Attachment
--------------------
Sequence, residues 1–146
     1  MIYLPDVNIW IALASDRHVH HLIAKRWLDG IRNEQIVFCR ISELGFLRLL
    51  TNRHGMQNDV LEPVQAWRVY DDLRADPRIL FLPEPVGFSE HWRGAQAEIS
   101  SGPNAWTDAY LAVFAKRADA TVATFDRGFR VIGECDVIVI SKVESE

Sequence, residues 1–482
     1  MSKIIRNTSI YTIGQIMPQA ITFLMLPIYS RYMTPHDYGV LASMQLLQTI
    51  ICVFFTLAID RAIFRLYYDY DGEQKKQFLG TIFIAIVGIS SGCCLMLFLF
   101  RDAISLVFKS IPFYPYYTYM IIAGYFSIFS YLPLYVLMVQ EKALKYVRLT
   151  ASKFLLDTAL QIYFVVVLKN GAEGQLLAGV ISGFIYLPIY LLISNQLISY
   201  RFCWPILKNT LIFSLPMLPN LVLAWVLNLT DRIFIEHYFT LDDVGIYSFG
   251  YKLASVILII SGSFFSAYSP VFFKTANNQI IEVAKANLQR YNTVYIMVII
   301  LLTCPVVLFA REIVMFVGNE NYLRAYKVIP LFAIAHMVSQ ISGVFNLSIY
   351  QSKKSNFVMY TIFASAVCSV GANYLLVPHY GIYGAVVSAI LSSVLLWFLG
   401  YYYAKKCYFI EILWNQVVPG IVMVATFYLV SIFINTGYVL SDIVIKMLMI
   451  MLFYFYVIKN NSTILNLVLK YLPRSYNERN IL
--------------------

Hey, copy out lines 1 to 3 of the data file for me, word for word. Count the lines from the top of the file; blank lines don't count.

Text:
Sequence, residues 1–146
     1  MIYLPDVNIW IALASDRHVH HLIAKRWLDG IRNEQIVFCR ISELGFLRLL
    51  TNRHGMQNDV LEPVQAWRVY DDLRADPRIL FLPEPVGFSE HWRGAQAEIS